A Study of the Development of the Tranference Neurosis in Psychoanalytic Group Therapy, Part 2
After more than a year in treatment, he told the group of having made omissions in his ritual and even of having forgotten to shave himself before going to work. Simultaneously, there appeared in his dreams, as well as in his information, other symptoms of a tendency to exhibit. He spontaneously revealed that an elderly woman, one of his superiors at his place of work, showed great interest in him, which evidently he had provoked by an irresistible inclination to reveal very intimate matters to her. It seemed that she responded greedily to these revelations because of her interest in Jungian psychology and her need to meddle in his life. He told her his dreams, which we also discussed in group, creating thereby a collision of psychological conceptions, since she became irritated with “the shortsightedness of this Freudian analyst” and could not agree with the interpretations of the therapist. Obviously he had begun acting out and had sought another transference object outside the therapeutic situation. He seemed to have an inclination to seek intimacy with this woman, to bare himself emotionally and ask for care. In light of her great interest in psychology, he seemed also to have chosen a person comparable to the therapist and created an opportunity to play them against each other. This fact seems to be of greatest importance in the context of the transference neurosis. The patient was shocked to find that his woman friend considered the therapist’s ideas superficial and irritating. He told several dreams, apparently produced for this “other therapist,” that were of a typically exhibiting character, showing that he wished to be undressed for her but to remain concealed in the presence of men and the group. In one of these dreams he allowed a woman to sever his contact with a male teacher. The significance of these dreams became clearer with a knowledge of his life history. His parents lived in continuous conflict, and his position between them was most precarious. His swinging to and fro between them was repeated in the transference neurosis, as will be further described below.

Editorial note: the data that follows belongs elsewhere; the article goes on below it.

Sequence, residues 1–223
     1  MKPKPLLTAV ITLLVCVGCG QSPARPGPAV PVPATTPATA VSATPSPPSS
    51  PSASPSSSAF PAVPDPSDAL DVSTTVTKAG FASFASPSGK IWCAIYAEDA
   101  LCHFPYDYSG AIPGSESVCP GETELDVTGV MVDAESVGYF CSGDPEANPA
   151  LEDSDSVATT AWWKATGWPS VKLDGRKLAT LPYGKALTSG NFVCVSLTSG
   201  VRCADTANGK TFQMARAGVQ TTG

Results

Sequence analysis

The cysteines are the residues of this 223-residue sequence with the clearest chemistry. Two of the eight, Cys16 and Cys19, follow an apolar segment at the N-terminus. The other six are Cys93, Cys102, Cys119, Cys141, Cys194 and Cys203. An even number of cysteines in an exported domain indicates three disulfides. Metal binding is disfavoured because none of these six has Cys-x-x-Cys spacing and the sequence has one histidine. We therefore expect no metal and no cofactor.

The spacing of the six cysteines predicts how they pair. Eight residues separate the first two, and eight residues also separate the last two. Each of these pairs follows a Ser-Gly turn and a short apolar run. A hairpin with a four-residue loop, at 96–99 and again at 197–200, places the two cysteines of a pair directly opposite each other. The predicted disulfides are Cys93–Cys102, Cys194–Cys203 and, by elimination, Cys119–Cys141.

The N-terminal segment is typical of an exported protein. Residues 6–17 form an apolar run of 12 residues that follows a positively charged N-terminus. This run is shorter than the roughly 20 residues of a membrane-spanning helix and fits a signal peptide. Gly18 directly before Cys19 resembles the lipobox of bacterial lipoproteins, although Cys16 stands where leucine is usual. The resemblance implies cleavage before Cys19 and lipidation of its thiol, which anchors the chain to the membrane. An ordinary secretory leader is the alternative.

The group’s failure to understand Pat’s actions was remarkable, and in order to shelter him I had to demonstrate clearly my unshocked attitude. Their irritation was most obvious when he told of complaints to his friend of therapy’s failure to ameliorate his symptoms and her reaction of heaping grim criticism upon the therapist. He gradually developed insight into emotions that drove him to betray his therapist by sharing in the criticism of his friend. This insight was accompanied by important infantile recollections, such as his mother’s aggressiveness, her expressed pity that he had not been a beautiful girl, and her teasing threats to give him away, especially when he displeased her. She also threatened to trade him to natives for a hen, an idea that was particularly frightening to him, since he was well acquainted with the cruel way chickens were slaughtered. More important was his recollection of a flight toward his father. When his mother became enraged, he ran for miles to his father, who received him kindly and allowed him to stay with him at his work. These experiences were in contrast to those of the other group members, who always sought the mother’s protection against the father’s aggression.
The separation of his parents was a very real fact for Pat, made more disturbing by his idea that he was not the child of this father, since he had learned during his latency period of extramarital experiences his mother had had before his birth. In the situation with his “second therapist,” it was evident that he was acting out in an opposite direction, fleeing from his father to his mother. He must, therefore, also have been very frightened by a positive tie toward a father figure. Pat himself became aware of a possible connection between his symptoms and homosexual inclinations. His bed-wetting seemed to play a special role in this conflict. When he was a child, the threat of trading him to the natives for a hen was made because of his enuresis. One may suspect, therefore, that he subsequently used this symptom with the hope of thereby being thrown among men. This idea seems supported by the fact that the enuresis reappeared when his father was again living with his mother, shortly before he disappeared forever. When Pat discussed this history with his “Jungian therapist,” he ended by having a migraine attack, a symptom he had never shown and that seemed in this situation to repeat his fear of the overactive, interfering mother.